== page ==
From the Watch (Tanya Ishikawa):
Ouray County is hoping to develop new and existing water rights on a major tributary of the Uncompahgre River, so water can be stored in a proposed reservoir and transported through a ditch or pipeline for temporary storage in Ridgway Reservoir. The county partnered with the Ouray County Water Users Association, a group representing ranchers with water rights, and Tri-County Water Conservancy District, the operator of Ridgway Reservoir and Dam, to apply for new and augmented water rights Dec. 30, 2019.
The three partners are jointly seeking the right to divert surface water from Cow Creek up to 20 cubic feet per second and store 25,349.15 acre feet, which is equal to 8.26 billion gallons, in a yet-to-be-built reservoir. The water rights application also requested the right to exchange up to 30 cubic feet per second of water from Cow Creek for water from other locations within Tri-County’s water rights holdings around Ouray County.
The water rights application was made after the completion of a water supply study commissioned by the Ouray County Stream Management & Planning Steering Committee, a group including the three partners and other local stakeholders that was organized as an effort to understand local water supply conditions after the droughts of 2012 and 2018.
“Our challenge is that during dry years the Uncompahgre Valley Water Users Association with its members’ senior rights puts a call on water from the Uncompahgre River (UVWUA), which means a lot of our users in Ouray County don’t have the water they need. This water rights application is essentially an augmentation plan, to alleviate the results of a call from UVWUA. It would help us add some water supplies where we don’t have them by retiming flows and releases, moving water and storing it in years when we have lots of water, and using it in years without water,” said Marti Whitmore, attorney for the Ouray County Water Users Association, who was formerly the attorney for the county and has long been involved in water rights law.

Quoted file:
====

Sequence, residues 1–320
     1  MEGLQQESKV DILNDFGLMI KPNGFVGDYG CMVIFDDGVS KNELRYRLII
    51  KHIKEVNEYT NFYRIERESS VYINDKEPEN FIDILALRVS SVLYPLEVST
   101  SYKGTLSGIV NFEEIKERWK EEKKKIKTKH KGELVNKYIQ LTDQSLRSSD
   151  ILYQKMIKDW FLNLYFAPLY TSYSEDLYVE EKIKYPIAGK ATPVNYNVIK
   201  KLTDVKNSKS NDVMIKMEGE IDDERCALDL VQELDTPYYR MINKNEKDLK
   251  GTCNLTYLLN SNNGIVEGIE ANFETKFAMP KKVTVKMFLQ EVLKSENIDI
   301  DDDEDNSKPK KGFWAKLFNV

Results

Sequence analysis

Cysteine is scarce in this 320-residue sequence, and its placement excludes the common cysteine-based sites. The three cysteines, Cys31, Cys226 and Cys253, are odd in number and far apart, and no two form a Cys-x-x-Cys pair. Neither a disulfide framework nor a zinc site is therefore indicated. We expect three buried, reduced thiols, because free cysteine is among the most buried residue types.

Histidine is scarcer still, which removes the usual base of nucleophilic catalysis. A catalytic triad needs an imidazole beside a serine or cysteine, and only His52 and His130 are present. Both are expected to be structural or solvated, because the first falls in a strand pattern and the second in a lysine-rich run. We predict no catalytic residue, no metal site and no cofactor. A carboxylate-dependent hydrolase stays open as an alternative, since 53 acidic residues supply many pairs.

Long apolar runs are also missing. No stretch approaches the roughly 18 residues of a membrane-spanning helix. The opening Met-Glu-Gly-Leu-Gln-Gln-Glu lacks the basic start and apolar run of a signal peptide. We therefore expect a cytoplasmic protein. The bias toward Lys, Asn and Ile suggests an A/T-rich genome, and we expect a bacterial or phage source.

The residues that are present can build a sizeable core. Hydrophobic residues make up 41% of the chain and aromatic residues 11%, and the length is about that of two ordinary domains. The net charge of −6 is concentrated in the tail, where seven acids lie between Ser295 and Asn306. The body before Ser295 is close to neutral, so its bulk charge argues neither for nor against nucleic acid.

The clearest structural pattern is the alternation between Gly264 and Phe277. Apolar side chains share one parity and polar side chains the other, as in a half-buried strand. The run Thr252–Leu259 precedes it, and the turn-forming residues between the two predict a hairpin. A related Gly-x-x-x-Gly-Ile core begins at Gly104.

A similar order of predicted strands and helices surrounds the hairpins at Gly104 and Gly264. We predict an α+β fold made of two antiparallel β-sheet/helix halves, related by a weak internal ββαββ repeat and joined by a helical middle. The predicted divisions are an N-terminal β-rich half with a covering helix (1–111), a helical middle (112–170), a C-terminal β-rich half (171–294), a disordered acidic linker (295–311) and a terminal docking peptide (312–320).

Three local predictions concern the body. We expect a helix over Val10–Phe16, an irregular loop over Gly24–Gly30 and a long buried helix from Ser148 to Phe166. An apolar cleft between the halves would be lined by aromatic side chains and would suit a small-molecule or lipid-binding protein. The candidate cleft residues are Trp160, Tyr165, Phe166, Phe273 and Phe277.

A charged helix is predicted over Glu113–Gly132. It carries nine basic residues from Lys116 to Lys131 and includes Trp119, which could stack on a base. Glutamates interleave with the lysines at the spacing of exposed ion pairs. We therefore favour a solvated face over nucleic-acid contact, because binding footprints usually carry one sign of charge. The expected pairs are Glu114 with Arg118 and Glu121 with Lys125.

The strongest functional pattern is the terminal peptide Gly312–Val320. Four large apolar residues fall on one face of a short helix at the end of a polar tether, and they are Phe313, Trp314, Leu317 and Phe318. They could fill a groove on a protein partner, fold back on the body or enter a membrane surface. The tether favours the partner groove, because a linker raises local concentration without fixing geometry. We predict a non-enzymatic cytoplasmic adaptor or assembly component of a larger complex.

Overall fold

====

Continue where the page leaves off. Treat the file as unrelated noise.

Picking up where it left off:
The plan is to take water from Cow Creek without impacting the water that belongs to current water rights holders. Beyond that basic premise, much about the proposed projects is yet to be determined. The exact location of the pipeline or ditch, as well as the design and management of the reservoir, still need to be researched and negotiated with various stakeholders, including private and public property owners.
The main use for the water rights would be to supplement irrigation of 100,300 acres of mostly hay pastures, but the water rights application also lists other prior uses as domestic, municipal, industrial and flood control, and new uses as storage, flow stabilization, augmentation, exchange, aquifer recharge, reuse, commercial, piscatorial, streamflow enhancement, aquatic life, and hydropower generation and augmentation.
The water storage is a right owned by Tri-County, which was approved sometime in the 1950s as Ram’s Horn Reservoir, and decreed to be located in the vicinity of Ramshorn Gulch and Ramshorn Ridge northwest of Courthouse Mountain in the Cimarron Range. The Ridgway Reservoir was selected as the preferred alternative, and the smaller reservoir was never developed.
The proposed reservoir is on Uncompahgre National Forest land, but not within the wilderness area. Though on public land, the reservoir would not be publicly accessible for any uses such as recreation due to a stipulation made during a previous water rights case about the project. The pipeline or ditch would be located somewhere north of the reservoir, connecting flow from a point on Cow Creek to the Ridgway Reservoir to the west.
The cost and funding for the projects had not been determined yet, Whitmore said.
While no timeline has been set for the projects, the partners hope to have the water rights application successfully completed in 2020, after which other steps in the process from design to funding and federal permitting will begin, she added…
Ken Lipton has been a member of the Ouray County Stream Management and Planning Steering Committee, as well as a local rancher and former board member of the Uncompahgre Watershed Partnership, a nonprofit with a purpose of protecting the watershed in the county.
“The projects are necessary to prevent total loss of irrigation and stock water during extreme drought,” he said. “The bottom line is a reduced chance that there will be calls on our ditches during extreme droughts. However, I don’t think this will totally guarantee that no calls will occur.”